Hyundai Motor's labour union said on Monday employees plan to halt work for three days this week following a series of partial strikes that have cost the Korean giant more than $1-billion in lost sales.
Hyundai Motor and its affiliate Kia Motors, which together form the world's fifth largest automaker, are struggling to reach agreement with their unions over demands for higher wages and an end to night shifts.
The latest strikes, planned for Tuesday through Thursday, will add to partial stoppages over the past six weeks that have cost the company 2.1-trillion won ($1.85-billion) in lost production of 109 474 vehicles.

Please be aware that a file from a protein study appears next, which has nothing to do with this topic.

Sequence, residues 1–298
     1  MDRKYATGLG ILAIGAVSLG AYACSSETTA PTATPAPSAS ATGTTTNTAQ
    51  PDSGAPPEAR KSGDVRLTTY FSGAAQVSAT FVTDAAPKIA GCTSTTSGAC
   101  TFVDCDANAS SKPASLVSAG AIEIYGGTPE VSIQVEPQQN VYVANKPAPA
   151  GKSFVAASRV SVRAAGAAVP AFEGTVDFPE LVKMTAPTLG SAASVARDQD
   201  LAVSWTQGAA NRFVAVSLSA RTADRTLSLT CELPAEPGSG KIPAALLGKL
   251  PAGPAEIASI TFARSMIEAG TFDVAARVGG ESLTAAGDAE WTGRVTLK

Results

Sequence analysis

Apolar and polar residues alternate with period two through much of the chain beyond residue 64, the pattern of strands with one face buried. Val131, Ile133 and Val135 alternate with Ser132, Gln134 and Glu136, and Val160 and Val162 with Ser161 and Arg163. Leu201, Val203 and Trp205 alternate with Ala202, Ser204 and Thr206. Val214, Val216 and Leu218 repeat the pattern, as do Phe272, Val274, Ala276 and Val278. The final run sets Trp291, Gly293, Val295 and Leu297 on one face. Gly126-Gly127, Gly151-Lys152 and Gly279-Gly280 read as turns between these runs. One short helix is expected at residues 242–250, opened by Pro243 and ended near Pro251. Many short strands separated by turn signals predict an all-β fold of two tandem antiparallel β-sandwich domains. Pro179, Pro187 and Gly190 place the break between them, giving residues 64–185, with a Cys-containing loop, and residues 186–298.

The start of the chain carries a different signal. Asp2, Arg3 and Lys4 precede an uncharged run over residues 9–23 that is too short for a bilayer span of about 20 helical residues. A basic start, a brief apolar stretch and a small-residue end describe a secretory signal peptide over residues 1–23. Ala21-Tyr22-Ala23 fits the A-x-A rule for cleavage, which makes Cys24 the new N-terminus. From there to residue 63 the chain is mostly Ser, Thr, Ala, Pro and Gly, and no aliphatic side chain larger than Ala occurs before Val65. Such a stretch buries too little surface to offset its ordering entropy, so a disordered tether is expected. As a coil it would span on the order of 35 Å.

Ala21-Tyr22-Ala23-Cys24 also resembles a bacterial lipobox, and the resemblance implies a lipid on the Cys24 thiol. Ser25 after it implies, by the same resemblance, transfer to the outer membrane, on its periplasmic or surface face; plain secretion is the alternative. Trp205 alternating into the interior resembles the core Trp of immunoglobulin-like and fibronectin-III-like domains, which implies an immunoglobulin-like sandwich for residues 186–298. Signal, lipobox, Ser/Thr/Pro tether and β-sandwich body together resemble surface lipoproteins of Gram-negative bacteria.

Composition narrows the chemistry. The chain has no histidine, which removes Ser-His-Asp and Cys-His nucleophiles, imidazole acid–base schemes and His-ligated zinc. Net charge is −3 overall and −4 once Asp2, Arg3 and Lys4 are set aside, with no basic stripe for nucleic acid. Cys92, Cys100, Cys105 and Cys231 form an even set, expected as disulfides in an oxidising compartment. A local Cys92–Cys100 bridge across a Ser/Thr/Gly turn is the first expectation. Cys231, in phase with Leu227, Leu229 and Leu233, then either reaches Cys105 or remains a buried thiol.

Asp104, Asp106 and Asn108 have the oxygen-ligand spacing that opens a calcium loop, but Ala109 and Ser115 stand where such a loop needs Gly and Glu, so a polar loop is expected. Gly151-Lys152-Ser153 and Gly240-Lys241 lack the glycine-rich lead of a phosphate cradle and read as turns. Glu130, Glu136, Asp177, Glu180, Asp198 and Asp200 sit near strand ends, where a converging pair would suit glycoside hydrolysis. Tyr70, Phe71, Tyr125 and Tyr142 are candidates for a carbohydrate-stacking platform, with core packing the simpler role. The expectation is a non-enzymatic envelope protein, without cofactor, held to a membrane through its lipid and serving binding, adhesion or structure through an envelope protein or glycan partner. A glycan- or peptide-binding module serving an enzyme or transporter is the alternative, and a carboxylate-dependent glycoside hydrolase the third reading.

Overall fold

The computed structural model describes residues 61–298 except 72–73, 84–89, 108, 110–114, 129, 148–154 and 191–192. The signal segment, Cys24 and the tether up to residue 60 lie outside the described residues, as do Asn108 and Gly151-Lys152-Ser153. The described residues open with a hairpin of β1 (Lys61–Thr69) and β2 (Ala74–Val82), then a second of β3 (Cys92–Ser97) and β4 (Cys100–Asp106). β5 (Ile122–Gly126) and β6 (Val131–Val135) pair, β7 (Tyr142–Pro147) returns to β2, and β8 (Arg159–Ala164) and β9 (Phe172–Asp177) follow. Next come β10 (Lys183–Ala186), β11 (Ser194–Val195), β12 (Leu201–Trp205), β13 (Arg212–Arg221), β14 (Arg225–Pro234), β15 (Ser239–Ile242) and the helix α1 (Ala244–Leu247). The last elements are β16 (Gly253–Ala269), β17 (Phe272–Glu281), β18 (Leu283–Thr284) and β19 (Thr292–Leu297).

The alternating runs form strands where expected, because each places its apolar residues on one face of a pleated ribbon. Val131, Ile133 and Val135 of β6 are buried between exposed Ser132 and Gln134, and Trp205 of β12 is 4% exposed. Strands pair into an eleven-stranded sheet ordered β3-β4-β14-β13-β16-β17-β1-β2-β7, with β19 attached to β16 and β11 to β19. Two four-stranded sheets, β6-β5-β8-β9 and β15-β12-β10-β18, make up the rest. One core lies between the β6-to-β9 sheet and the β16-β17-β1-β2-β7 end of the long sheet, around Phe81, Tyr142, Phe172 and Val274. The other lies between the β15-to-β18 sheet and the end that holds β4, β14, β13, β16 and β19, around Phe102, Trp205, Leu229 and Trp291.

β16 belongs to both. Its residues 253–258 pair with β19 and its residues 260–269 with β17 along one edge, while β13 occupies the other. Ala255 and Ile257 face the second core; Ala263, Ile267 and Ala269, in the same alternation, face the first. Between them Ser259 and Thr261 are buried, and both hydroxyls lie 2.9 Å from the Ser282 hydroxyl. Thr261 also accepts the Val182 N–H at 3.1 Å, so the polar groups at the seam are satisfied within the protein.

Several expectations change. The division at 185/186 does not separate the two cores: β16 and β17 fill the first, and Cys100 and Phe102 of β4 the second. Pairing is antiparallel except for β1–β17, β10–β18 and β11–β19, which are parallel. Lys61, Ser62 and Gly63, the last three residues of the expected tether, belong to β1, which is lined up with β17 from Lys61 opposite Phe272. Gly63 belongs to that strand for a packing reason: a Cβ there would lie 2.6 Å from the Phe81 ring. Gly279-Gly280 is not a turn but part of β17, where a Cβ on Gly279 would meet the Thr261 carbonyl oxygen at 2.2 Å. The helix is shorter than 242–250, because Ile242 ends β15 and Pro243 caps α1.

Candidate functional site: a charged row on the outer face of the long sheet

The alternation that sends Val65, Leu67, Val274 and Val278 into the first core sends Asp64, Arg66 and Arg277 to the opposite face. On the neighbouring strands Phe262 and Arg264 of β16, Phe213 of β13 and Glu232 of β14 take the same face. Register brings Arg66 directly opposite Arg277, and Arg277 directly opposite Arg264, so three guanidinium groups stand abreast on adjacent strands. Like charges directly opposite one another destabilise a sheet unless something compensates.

Hyundai's 44 000-strong union has staged partial strikes 10 times for up to four hours since stoppages began on 13 July, and Kia has seen similar industrial action.
Hyundai said the prolonged dispute could undercut sales in the United States because inventories stood at record-low levels.
Total exports of Hyundai and Kia vehicles from South Korea fell 23 percent to 120 493 vehicles in July from 156 200 the previous month.
Both companies said inventories were at unprecedentedly low levels, causing a shortage of vehicles for US dealerships.
"The situation is still manageable, but prolonged strikes are feared to aggravate a shortage of vehicles and hurt sales in the US market," a Hyundai official told AFP on condition of anonymity.
Hyundai has predicted steady growth in the second half thanks to robust overseas sales, especially in the United States.